Most of what he said, though, was the same old ‘peace la la’. He did strike on one point that I think gets lost most of the time; a point, that if only we could really work to understand it, feel it – than maybe things could change…

Hendi gave two scenarios to explain the difference between vulnerability and acceptance.

1. The sorry story of Saudi Arabian Shiites: Vulnerability -> Violence

Shiites are a small minority in Saudi Arabia, and Sunnis proclaim them dangerous and violent as a sect. However, being a minority, the Shiites are poorer, living in the periphery and acquiring less power, let alone opportunities to grow wealthy and sustain themselves properly. This makes them vulnerable, and vulnerability breeds misperception, unrest and ultimately violence. Sound familiar? It’s the same with the Palestinians, the Arabs living in France and so many others.

2. The rise of Muslim Americans: Acceptance -> Success

Muslim Americans started out like most other groups of immigrants, but are growing wealth and success for themselves, gaining in American society. They live peacefully and contently amongst their non-Muslim American neighbors. This is what happens when their existence in the country is accepted, and they are given the same opportunities to succeed as anyone else, assuming they work hard and play by the rules. The Muslim American community serves in the army and works in the government. They are neither vulnerable nor violent.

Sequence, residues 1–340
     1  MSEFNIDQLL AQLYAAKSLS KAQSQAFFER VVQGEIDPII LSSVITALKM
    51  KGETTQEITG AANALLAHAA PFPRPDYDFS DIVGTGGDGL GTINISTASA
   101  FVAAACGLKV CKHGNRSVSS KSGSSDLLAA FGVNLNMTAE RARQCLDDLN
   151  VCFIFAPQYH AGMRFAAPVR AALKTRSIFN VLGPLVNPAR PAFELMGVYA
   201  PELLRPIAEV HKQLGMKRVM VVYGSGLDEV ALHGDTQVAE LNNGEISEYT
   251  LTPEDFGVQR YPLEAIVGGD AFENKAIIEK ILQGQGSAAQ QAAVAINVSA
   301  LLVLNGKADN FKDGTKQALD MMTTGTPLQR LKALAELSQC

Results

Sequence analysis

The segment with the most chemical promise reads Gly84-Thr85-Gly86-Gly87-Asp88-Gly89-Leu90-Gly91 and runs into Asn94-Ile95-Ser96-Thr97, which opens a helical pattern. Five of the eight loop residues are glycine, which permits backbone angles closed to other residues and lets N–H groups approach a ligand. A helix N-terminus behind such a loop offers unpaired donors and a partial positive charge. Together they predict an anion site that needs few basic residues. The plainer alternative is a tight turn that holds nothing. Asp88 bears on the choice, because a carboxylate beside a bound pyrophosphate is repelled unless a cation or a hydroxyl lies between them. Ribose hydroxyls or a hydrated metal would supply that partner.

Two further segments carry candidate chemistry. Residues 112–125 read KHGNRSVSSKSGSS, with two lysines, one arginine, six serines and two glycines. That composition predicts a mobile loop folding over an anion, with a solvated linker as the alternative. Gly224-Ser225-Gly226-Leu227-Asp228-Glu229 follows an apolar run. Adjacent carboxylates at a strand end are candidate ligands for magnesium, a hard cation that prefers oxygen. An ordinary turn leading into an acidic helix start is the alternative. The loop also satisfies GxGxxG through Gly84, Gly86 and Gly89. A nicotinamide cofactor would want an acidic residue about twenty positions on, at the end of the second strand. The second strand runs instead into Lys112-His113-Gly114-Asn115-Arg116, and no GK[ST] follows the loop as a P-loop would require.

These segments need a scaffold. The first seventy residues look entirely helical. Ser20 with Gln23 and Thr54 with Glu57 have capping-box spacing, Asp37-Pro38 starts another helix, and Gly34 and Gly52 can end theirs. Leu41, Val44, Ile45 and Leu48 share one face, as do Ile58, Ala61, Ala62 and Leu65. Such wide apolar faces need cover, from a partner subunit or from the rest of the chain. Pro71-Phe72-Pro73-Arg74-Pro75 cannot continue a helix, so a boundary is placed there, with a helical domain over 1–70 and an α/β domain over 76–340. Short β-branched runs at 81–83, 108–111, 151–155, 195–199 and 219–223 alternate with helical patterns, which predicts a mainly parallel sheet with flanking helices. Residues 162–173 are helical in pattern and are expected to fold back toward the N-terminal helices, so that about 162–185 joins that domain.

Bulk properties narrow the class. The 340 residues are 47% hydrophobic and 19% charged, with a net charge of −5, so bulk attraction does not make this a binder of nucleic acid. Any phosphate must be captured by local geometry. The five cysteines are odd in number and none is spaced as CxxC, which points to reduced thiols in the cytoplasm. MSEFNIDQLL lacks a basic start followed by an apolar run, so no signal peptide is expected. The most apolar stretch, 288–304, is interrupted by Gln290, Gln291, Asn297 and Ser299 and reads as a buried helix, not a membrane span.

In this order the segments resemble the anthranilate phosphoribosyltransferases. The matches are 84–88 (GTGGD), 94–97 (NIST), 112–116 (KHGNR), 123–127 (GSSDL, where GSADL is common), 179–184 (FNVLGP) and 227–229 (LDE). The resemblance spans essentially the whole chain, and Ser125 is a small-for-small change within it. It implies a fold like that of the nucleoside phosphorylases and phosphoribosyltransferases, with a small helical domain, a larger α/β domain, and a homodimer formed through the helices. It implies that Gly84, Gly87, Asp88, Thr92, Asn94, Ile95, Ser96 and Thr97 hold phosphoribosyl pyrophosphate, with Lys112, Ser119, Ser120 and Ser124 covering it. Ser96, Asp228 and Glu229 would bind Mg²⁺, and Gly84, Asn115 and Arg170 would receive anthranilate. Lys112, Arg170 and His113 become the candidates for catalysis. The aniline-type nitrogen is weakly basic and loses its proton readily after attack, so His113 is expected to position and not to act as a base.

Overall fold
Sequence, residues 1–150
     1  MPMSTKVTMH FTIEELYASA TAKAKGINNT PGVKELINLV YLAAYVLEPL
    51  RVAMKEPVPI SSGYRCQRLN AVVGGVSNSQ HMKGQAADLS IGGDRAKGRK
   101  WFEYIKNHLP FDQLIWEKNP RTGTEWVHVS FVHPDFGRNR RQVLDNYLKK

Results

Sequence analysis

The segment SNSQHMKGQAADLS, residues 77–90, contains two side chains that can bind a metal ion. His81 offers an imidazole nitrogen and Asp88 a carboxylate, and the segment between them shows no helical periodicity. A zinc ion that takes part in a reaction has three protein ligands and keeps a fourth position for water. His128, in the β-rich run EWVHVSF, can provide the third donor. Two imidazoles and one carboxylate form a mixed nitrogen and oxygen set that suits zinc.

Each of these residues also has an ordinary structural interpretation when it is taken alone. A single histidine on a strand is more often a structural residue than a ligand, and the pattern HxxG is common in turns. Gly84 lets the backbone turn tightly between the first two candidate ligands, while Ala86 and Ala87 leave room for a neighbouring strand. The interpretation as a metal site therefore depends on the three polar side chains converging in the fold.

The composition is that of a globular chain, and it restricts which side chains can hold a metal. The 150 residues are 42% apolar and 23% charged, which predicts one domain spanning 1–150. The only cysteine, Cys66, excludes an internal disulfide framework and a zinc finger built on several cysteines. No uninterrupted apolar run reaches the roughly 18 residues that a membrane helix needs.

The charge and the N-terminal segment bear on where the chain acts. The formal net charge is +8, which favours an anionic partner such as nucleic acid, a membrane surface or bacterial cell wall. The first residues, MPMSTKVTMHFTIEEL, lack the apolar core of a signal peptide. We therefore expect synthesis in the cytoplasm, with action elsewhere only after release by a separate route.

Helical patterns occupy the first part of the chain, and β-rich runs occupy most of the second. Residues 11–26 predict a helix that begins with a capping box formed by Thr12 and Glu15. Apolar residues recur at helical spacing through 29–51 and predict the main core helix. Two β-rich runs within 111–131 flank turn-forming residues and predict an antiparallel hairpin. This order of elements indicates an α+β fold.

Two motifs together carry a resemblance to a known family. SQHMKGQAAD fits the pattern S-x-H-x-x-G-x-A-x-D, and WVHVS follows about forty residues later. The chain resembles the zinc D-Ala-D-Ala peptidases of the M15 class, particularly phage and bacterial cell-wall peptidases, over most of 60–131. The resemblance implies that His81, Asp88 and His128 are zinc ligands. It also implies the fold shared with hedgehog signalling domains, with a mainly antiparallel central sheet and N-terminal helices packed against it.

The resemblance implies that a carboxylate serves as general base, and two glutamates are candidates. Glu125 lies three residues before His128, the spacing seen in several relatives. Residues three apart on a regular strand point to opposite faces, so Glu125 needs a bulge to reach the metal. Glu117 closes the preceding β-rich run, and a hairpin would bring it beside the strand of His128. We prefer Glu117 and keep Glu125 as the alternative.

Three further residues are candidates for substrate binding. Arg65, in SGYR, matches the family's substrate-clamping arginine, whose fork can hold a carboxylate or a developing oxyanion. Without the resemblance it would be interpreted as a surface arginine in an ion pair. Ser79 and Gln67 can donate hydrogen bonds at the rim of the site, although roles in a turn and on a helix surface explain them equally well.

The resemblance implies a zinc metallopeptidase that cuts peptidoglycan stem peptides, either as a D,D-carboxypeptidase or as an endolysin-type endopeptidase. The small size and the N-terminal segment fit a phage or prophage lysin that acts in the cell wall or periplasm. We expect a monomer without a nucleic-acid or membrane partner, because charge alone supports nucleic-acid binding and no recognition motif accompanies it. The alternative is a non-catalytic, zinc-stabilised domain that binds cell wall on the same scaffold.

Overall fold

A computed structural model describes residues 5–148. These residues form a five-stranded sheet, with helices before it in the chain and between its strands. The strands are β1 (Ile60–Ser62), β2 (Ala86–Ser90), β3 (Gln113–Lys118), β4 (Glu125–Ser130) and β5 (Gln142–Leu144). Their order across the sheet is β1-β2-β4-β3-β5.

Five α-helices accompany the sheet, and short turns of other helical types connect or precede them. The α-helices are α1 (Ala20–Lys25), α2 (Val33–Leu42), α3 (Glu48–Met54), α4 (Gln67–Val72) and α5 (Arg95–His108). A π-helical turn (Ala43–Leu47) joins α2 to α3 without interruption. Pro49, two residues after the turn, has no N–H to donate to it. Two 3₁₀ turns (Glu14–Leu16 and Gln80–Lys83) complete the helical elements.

Conclusion 

Societies get violent when they have no where else to turn; when they feel down low with no way up. If only we could all master what Hendi calls compassionate listening – actually hearing the other’s experiences – then so much of the miscommunication and lack of understanding would cease; or maybe it wouldn’t. But at least we’d actually hear what is going on, instead of blocking it out and going to the battlefield already deaf and blind.


Word of the day: rapprochement.

August 2, 2007

Today’s word of the day from Answers.com:

rapprochement
(rap-rohsh-mahnn, rah-prawsh-mahnn)

A closer approach of two groups to each other. Rapprochement, a French term, is often applied to two nations, especially ones that become reconciled after relations between them have worsened. © Houghton Mifflin Company

Usage: “The rapprochement of peoples is only possible when differences of culture and outlook are respected and appreciated rather than feared and condemned, when the common bond of human dignity is recognized as the essential bond for a peaceful world.” — J. William Fulbright